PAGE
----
I would think that it’s most likely to be Anne Boleyn. And I follow Eric Ives in this, who’s written extensively on Anne Boleyn. He draws attention to the fact that the pictures we have of Anne Boleyn are from a much later date. So, there’s no point in making a comparison between the likeness here, and the likeness we see in the known portraits of Anne, where she is wearing the ‘AB’ pendant. Where he sees the similarity is in the contemporary representation of Anne Boleyn, whose likeness is depicted in a medal that was produced in 1534.
There you can see that she has a long and oval face, just like the figure in the Chequers’ Ring. Some others say that the Chequers’ Ring portrait cannot be of Anne Boleyn because she does not have black hair. Ives makes a very good point here. He says that there’s only one known description of Anne Boleyn having black hair, and that’s written by Nicholas Sanders, a Catholic, who wanted to demonstrate that Anne was really a witch. Black hair and witches go together like bread and cheese! So, what we have here is probably a misrepresentation of the colour of Anne Boleyn’s hair. Usually, it’s described by the Italians as ‘marrone’, or ‘brunette’ in English, and that can cover a wide range of brownish, or even auburn, hair. For those reasons, Eric Ives thinks that this is indeed a portrait of Anne Boleyn. And I’m inclined to think that it is too.
As I have already said, the alternative is that it is of the young Elizabeth, contrasting with the older Elizabeth in the other portrait. Now that it’s not a very complimentary statement to make! It would be a reminder of her age. It’s possibly even a reminder that she has no heir. It would be a very insensitive gift.
On the other hand, if it was a gift, it would make a lot of sense to show Elizabeth with her mother, because the notion that Elizabeth never talked about her mother and wanted nothing to do with her mother, and that everybody tip-toed around the elephant in the room, is misplaced. There is evidence of Elizabeth not just referring once to her mother openly, but there’s also evidence of books dedicated to her mother being given to Elizabeth. Also at the pageant that greeted Elizabeth at her coronation her mother appears. So, what we have here are people referring to Elizabeth about her mother. So why might not a gift also contain the miniature of Anne? It demonstrates that Anne is not necessarily the adulterous traitor, the whore even, that Henry VIII presented her as, and that she can be brought out into the light, even if she is, in this case, hidden within a locket.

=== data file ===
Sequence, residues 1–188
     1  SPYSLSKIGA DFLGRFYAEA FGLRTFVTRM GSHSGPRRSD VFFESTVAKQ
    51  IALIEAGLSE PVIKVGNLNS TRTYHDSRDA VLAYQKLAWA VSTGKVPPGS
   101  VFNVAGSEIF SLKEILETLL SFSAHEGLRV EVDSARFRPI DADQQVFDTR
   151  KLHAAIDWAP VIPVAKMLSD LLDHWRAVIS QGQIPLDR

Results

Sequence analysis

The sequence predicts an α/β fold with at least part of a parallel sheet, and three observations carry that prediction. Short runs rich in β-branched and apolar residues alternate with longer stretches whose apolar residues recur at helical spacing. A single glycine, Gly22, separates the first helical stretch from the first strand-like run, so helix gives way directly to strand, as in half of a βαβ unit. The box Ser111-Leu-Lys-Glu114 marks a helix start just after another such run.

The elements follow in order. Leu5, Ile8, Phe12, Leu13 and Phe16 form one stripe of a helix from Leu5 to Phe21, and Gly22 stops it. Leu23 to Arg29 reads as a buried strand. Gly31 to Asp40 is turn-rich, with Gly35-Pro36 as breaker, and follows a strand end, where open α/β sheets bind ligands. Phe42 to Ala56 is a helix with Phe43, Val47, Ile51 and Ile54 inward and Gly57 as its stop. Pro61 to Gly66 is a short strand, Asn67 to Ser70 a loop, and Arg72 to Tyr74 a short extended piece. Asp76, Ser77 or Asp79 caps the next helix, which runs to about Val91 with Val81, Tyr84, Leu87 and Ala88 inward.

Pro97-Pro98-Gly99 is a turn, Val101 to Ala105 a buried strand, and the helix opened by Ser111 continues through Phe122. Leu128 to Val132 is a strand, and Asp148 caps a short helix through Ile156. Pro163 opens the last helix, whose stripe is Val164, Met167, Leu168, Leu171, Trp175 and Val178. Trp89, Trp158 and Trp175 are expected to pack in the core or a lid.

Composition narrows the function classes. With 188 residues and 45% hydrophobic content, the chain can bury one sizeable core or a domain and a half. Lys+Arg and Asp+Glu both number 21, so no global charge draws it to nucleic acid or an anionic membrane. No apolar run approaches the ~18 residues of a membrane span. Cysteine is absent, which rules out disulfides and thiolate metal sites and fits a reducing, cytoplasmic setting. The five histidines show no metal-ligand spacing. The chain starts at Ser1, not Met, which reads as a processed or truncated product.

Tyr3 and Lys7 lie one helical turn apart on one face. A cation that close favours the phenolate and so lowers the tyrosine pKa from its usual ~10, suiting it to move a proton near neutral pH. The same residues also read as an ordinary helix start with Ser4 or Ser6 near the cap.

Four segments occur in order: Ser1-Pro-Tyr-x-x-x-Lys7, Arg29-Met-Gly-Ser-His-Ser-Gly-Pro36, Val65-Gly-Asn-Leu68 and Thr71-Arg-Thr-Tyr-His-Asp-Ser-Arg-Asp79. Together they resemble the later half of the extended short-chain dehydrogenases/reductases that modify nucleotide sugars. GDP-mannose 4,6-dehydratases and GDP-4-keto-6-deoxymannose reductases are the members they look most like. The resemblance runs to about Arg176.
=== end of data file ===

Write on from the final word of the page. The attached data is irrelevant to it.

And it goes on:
So, people were not frightened of drawing attention to Anne Boleyn during Elizabeth’s reign. And indeed, it is during Elizabeth’s reign that portraits of Anne Boleyn were being commissioned and began to appear in long galleries. I think it’s also suggestive that Elizabeth did have a sense that this was her mother and she wasn’t going to be entirely hidden away. And I think that’s why it appeals to us. The ring has a personal and emotional side to it, which we really can’t get close to in the life of Elizabeth.
Sarah: It’s wonderful to hear about the stories of the pageantry. I think many people out there, who love Anne Boleyn and wonder why Elizabeth hadn’t had her mother’s body reinterred in a suitable tomb etc., will feel warmed by this notion that people did embrace the memory of her mother. Is there anything else that makes this ring particularly special?